NEW YORK -
The registered owner of an SUV that was parked in Times Square and rigged with a crude propane-and-gasoline bomb told investigators he sold the vehicle to a stranger for cash three weeks ago, a law enforcement official said Monday.
The owner, who lives in Connecticut, was questioned Sunday about his sale of the dark-colored 1993 Nissan Pathfinder to a man he didn't know, the official told The Associated Press. The official spoke on condition of anonymity because the investigation into the botched bombing is at a sensitive stage.
Officials say the owner, whose name has not been released, is not considered a suspect into the bomb scare which forced thousands of tourists to be cleared from several streets in the heart of Times Square Saturday night.
New York Police Department spokesman Paul Browne confirmed Monday that investigators had spoken to the registered owner, declining further comment. Investigators were still searching for the driver.
The vehicle identification number had been removed from the Pathfinder's dashboard, but it was stamped on the engine and axle, and investigators used it to find the owner of record.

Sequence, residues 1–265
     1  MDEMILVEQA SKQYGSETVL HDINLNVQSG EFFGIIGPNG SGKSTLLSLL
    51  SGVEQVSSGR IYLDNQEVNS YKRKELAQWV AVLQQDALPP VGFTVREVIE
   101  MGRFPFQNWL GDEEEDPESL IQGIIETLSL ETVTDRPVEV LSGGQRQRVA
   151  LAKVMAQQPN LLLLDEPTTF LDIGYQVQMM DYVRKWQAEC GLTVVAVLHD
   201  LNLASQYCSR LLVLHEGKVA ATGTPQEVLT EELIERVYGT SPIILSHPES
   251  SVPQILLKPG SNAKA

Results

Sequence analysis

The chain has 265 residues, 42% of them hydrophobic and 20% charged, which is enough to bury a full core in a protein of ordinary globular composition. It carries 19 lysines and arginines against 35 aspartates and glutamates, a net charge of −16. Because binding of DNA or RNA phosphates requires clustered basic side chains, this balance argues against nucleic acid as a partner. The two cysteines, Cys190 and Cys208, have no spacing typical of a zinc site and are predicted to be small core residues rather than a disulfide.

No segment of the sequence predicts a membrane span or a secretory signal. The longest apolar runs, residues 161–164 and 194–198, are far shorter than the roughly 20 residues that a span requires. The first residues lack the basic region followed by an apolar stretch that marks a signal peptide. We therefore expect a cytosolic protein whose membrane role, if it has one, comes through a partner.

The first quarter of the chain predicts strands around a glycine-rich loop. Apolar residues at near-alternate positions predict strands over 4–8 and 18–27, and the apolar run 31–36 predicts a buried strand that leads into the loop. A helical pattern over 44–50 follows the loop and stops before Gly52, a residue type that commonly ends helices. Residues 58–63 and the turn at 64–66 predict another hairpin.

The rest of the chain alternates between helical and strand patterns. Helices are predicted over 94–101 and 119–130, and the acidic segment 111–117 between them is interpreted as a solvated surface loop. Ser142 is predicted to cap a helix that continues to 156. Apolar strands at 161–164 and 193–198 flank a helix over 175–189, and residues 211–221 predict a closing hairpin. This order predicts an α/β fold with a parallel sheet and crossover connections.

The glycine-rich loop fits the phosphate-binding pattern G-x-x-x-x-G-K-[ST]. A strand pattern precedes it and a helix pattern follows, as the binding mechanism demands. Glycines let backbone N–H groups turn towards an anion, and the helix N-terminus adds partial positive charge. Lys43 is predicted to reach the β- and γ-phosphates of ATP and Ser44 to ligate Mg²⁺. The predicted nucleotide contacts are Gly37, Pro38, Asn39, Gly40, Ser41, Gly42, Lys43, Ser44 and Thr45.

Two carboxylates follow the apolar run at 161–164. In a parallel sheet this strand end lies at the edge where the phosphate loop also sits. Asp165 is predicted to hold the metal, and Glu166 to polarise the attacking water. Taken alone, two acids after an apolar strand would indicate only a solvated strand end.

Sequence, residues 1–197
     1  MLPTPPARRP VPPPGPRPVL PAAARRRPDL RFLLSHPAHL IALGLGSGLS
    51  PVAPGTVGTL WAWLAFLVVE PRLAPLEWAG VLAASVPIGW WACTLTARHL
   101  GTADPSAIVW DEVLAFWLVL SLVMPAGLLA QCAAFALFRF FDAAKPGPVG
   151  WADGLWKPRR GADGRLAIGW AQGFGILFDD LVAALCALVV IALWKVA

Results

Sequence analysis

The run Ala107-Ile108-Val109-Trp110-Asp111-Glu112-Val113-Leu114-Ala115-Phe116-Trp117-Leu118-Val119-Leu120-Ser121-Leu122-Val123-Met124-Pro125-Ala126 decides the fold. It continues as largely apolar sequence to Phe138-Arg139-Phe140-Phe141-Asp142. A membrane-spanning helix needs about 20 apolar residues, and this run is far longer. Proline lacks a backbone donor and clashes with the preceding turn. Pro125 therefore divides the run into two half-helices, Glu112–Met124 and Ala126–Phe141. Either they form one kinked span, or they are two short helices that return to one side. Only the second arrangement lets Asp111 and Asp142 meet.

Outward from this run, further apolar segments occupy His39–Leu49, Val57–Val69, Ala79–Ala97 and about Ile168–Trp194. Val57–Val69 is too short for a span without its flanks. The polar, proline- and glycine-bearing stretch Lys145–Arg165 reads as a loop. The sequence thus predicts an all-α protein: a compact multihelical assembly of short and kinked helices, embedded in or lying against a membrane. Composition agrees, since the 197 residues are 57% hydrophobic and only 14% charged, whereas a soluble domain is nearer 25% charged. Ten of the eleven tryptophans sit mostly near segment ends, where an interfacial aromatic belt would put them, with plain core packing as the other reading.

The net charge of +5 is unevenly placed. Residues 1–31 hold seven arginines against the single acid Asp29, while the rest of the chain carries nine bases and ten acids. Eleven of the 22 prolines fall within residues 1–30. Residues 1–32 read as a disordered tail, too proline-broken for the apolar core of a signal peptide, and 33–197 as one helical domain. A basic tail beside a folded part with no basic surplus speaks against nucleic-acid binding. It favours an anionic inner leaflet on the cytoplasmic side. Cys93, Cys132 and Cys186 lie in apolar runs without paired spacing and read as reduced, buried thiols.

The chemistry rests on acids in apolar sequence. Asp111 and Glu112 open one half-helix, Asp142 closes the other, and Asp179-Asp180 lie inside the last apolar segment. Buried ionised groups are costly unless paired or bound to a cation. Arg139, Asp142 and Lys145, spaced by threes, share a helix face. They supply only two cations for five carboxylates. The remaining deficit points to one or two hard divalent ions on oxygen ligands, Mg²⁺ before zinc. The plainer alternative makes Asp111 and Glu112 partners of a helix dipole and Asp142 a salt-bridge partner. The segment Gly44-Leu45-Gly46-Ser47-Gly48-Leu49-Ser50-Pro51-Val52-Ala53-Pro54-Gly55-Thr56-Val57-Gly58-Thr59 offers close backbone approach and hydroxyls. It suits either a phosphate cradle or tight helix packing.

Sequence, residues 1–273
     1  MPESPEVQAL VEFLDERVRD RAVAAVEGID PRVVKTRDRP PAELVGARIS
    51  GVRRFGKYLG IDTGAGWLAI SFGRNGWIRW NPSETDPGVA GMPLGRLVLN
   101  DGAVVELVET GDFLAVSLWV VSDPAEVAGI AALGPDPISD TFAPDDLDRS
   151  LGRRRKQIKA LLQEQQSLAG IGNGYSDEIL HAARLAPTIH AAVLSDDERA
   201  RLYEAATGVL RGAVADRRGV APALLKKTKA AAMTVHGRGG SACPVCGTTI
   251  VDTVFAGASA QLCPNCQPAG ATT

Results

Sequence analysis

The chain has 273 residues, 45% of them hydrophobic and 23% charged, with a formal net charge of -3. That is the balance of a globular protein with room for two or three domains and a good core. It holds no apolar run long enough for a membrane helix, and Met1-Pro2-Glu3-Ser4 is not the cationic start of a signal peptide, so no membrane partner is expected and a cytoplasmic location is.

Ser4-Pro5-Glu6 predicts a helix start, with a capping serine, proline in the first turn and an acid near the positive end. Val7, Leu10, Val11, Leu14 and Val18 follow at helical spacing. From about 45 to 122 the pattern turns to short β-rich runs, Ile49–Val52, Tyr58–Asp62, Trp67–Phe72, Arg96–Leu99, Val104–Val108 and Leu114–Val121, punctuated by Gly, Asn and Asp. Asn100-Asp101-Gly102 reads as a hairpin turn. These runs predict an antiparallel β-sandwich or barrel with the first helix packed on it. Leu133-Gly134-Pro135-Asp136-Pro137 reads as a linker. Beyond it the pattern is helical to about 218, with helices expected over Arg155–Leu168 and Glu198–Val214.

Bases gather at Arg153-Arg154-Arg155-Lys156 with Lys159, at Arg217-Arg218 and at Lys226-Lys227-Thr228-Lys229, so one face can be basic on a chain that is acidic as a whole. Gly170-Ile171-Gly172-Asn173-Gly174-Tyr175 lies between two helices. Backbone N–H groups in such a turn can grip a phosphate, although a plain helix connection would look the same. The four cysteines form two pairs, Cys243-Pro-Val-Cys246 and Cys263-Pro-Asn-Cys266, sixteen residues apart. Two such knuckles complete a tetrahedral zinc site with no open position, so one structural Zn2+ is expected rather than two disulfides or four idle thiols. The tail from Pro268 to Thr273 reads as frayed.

Two law enforcement officials familiar with the probe said investigators considered the vehicle's history one of the best chances for cracking the case.
Investigators tracked the licence plates to a used auto parts shop in Stratford, Conn., where they discovered the plates were connected to a different vehicle.
They also spoke to the owner of an auto sales shop in nearby Bridgeport because a sticker on the Pathfinder indicated the SUV had been sold by his dealership. Owner Tom Manis said there was no match between the identification number the officers showed him and any vehicle he sold.
In New York, police and FBI were examining hundreds of hours of video from around the area and wanted to speak with a man in his 40s who was videotaped shedding his shirt near the Pathfinder.
The video shows the man slipping down Shubert Alley and taking off his shirt, revealing another underneath. In the same clip, looks back in the direction of the smoking vehicle and puts the first shirt in a bag.
They travelled to Pennsylvania for video shot by a tourist of a different person, and were evaluating the tape and determining whether to make it public.
In Washington, White House press secretary Robert Gibbs said Saturday's attempted bombing was a terrorist act.
Attorney General Eric Holder, who earlier in the day refused to classify the incident as terrorism, said the bomber intended to spread fear across New York and said investigators had some good leads in addition to the videotape that was released Sunday.
Investigators had not ruled out a range of possible motives, and federal officials said they hadn't narrowed down whether the bomber was homegrown or foreign.